Sacramento French Film Festival highlights comedies with weight
06/19/2014 10:00 AM
10/08/2014 12:02 PM
Complex comedy is king at the 13th Sacramento French Film Festival, running Friday through Sunday and next weekend at the Crest Theatre.
Comedic films at this year’s festival augment their funny-ha-ha moments with examinations of class differences and aging, and offer juicier roles for women than most American comedies do.
“Sometimes we have had comedies that are just silly and fun, but everything is really top quality” this year, French Film Festival executive and artistic director Cécile Mouette Downs said. “It is not just basic comedy.”
In the romantic comedy and festival opener “Not My Type” (8:30 Friday), upper-middle-class philosophy teacher and chronic over-thinker Clément (Loïc Corbery) dates working-class hair stylist Jennifer (Émilie Dequenne), whose thoughts do not seem to travel beyond her spirited karaoke performances and the American popcorn films she loves (especially those starring that other Jennifer – Aniston).
He’s a little bit Kantian and she’s culturally Kardashian, but things are not as simple as that. Dequenne, the Belgian actress who starred in the Dardenne brothers’ 1999 film “Rosetta,” gives her character a bubbly demeanor but also surprising depth.
Corbery plays Clément as not so much a snob as a man clearly out of his element geographically – the Parisian teacher has been transferred to Arras, which he considers a backwater – and emotionally. The academic appears mystified by the ability of Jennifer, a lifelong Arras townie, to captivate him.
“Obviously their cultural background is so different, but this is (addressed) in a very subtle way,” Downs said. Filmmaker Lucas Belvaux does not condescend to either character, she said.
Less subtle but still effective is the older-woman, younger-man story “Bright Days Ahead” (5:20 p.m. June 28 and 1 p.m. June 29). The film stars (babe alert!) Fanny Ardant as a married, just-retired dentist in her 60s who reluctantly enrolls in classes at a senior center but enthusiastically accepts the advances of the center’s computer instructor (Laurent Lafitte), who is in his late 30s.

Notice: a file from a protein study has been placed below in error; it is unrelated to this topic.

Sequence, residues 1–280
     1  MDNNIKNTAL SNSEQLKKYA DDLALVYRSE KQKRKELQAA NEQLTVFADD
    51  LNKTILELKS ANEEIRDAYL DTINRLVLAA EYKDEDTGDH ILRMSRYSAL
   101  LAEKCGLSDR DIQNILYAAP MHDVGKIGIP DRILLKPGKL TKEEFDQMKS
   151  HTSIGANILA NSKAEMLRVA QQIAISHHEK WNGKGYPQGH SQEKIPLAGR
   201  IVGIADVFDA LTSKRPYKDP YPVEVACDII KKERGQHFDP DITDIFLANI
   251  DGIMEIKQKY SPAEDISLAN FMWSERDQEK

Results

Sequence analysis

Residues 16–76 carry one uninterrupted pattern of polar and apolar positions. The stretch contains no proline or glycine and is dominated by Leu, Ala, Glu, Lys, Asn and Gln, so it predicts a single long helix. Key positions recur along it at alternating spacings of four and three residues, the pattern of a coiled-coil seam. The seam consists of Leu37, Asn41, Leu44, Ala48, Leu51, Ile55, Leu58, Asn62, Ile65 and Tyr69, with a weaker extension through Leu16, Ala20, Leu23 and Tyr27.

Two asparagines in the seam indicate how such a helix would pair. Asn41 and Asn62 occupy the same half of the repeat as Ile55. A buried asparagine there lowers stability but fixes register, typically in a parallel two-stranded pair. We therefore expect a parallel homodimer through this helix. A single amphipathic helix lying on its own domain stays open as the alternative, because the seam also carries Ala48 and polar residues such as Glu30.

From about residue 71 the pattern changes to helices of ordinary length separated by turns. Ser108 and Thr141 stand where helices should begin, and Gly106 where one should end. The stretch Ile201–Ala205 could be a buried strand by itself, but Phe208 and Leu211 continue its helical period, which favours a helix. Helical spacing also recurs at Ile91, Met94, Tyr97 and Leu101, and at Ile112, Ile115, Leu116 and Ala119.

He’s a player, but she does not care, because she’s clearly going through something, having suddenly been thrust into senior life by her retirement. The film does not make that life look bad – the students at the center are a fun, buoyant bunch – but this particular woman was not ready for it.
Thomas (Mathieu Amalric), the stage-director character in “Venus in Fur” (8:15 p.m. June 27), certainly did not anticipate the arrival of Vanda (Emmanuelle Seigner), an actress who shows up after hours for an audition. Vanda wants the part of a sexual dominant in a play based on a novella by Leopold von Sacher-Masoch – the real-life author from whom the term “masochism” sprang – and judging from her black pleather, has gone Method.
Is it still a casting couch when the auditionee holds the power? “Venus in Fur,” directed by Roman Polanski from David Ives’ Broadway play, will answer this question. Maybe. The play-within-a-movie thing is labyrinthine even before you consider that Polanski hired his lookalike Amalric to play a director opposite Seigner, Polanski’s real-life wife.
Aiming most directly for the funny bone, among the festival’s comedic films, is “9-Month Stretch” (6:15 p.m. June 27 and 9:50 p.m. June 28), in which a judge (Sandrine Kiberlain) is surprised to find herself pregnant and more surprised the father is a criminal nicknamed “the eye gobbler” (Albert Dupontel, who also wrote and directed), since she does not recall their encounter.
“Stretch” comes closest “to that vein of (broad) comedy for which American cinema is known,” said Jane Berner, a member of the French Film Festival’s film selection committee. In other words, it’s more Will Ferrell or Farrelly brothers than typically French.
Yet “Stretch” was taken seriously enough by the César Awards – France’s Oscar equivalent – that in February, Kiberlain ( “Alias Betty”) picked up the prize for best actress, and Dupontel the one for original screenplay.
Audrey Tautou is not the star of “Chinese Puzzle” (3:15 p.m. June 29), a romantic comedy and part of director Cédric Klapisch’s breezy trilogy that includes “L’Auberge Espagnole” (2002) and “Russian Dolls” (2005). Romain Duris stars as French writer Xavier, now pushing 40 and living in New York. Tautou plays Martine, Xavier’s ex-girlfriend, and only one of the important women in his life. He has moved to New York because his estranged wife (Kelly Reilly) and children live there.
But Tautou is star of the French Film Festival audience’s heart. Though Dequenne, from “Not My Type,” might rival her for the title of this year’s festival sweetheart, the doe-eyed Tautou is long-running champ of the SFFF box office.
“If there is an Audrey Tautou film (available), we have to get it,” Downs said. “She is our lucky charm.”
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